“This goes to show the consequences of failing to comply with the laws and legislations around fireworks.”

Superintendent Rowley Moore of Merseyside Police said: “Anti-social behaviour throughout this period will not be tolerated and anyone suffering from it should call us so that we can take action. Only a small minority cause problems and there will be plenty of organised events and activities going on across Merseyside for young people to enjoy in safety. The police, fire service and local councils have details on their websites and I would encourage parents to actively get involved with their children. I would also warn anyone thinking of selling fireworks illegally to think again. Selling fireworks without a licence and selling fireworks that are counterfeit are both criminal offences and highly irresponsible and we will be out in force in the coming weeks to crack down on this problem.”

The warning was issued as Two young footballers have backed calls by firefighters to make this year’s bonfire period safe and enjoyable for people in Merseyside as fireworks go on sale.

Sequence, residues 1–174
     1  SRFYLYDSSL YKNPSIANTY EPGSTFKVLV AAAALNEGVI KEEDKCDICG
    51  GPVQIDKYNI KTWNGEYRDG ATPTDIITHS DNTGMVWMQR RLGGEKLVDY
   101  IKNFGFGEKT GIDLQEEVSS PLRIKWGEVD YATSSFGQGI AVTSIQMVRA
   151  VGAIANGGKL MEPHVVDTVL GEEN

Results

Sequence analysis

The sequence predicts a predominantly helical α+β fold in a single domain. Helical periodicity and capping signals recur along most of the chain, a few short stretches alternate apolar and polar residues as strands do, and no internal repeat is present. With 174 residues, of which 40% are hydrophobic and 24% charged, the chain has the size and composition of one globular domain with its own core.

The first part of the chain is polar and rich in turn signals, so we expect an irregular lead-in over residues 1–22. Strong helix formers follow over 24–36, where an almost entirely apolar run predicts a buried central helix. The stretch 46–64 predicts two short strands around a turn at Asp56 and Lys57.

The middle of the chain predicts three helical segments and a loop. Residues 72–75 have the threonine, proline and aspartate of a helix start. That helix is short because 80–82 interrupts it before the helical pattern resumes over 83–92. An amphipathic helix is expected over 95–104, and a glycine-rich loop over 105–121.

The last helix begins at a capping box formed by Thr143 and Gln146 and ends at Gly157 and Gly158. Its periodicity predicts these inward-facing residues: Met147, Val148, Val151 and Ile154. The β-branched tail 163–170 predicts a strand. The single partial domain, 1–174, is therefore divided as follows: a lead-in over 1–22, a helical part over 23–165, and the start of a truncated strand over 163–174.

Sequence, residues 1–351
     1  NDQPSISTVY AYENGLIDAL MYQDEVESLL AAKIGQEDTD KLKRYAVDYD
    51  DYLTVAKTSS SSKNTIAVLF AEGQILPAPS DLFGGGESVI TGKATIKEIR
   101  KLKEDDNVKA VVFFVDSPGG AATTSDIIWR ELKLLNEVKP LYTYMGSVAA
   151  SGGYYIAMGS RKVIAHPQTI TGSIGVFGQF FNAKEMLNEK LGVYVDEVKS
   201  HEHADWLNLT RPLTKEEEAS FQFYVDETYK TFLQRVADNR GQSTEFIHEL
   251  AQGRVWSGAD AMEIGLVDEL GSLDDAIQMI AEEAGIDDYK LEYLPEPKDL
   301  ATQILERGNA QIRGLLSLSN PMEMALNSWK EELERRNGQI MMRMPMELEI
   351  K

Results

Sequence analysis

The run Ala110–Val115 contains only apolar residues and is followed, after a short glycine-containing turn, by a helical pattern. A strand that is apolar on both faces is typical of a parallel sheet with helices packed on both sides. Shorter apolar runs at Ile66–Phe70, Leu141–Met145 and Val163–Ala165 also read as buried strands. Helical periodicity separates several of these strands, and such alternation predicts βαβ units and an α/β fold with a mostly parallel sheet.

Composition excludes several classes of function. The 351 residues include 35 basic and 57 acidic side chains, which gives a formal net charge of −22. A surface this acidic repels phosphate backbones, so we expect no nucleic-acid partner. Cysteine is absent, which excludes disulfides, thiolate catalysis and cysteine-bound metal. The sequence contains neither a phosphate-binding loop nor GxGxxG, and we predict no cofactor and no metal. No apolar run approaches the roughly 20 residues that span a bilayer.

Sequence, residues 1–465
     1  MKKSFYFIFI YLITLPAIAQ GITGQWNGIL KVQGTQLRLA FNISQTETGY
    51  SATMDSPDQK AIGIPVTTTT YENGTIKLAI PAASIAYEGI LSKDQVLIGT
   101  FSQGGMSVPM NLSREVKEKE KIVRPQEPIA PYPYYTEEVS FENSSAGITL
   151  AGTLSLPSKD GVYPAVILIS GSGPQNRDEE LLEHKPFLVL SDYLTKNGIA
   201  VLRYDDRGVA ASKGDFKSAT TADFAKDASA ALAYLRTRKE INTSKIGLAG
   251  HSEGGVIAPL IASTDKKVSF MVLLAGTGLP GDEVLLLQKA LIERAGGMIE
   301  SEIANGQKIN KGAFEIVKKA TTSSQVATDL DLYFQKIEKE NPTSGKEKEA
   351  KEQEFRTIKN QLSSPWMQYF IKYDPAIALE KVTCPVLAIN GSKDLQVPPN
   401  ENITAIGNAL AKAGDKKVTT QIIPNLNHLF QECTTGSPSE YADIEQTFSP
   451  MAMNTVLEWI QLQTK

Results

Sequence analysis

Liverpool FC U21 goalkeeper Jamie Stephens and Liverpool FC Academy player Nathan Quirk met Red Watch firefighters from Merseyside Fire & Rescue Service to help highlight safety tips and advice for the bonfire period.

Jamie Stephens said: “Following the safety advice and attending organised public firework displays and bonfires is the best thing to do where you can enjoy this time of year and the great atmosphere. It’s what I will be doing. Help the firefighters and keep anti-social behaviour to a minimum this year and help your community stay safe from fire.”

Liverpool FC Academy player Nathan Quirk said: “Throwing fireworks or playing with them is a sure way of injuring yourself and possibly your friends or family. Take responsibility and make a difference in your community this bonfire period. Our firefighters in Merseyside have to deal with fires involving rubbish at this time of year – don’t waste their time.”

• All bangers were made illegal by the Fireworks (Safety) Regulations 1997. This was largely due to the high numbers of injuries being reported to youngsters who were able to acquire these ‘pocket money’ fireworks cheaply. Not only are all bangers now illegal, there are large quantities out there still that are fake and do not conform with British standards. These bangers are particularly dangerous.
• As a result of this any retailer who is caught selling bangers may be liable on summary conviction to 6 months imprisonment or a fine not exceeding £5,000 or both.
• This is enforced by the Trading Standards Authority under the Consumer Protection Act 1987.

Photo above shows Liverpool FC U21 goalkeeper Jamie Stephens on the left with Watch Manager Phil Hart and Liverpool FC Academy player Nathan Quirk on the right. LFC Incert Photo copyright of Tony Thomas/Merseyside Fire & Rescue Service.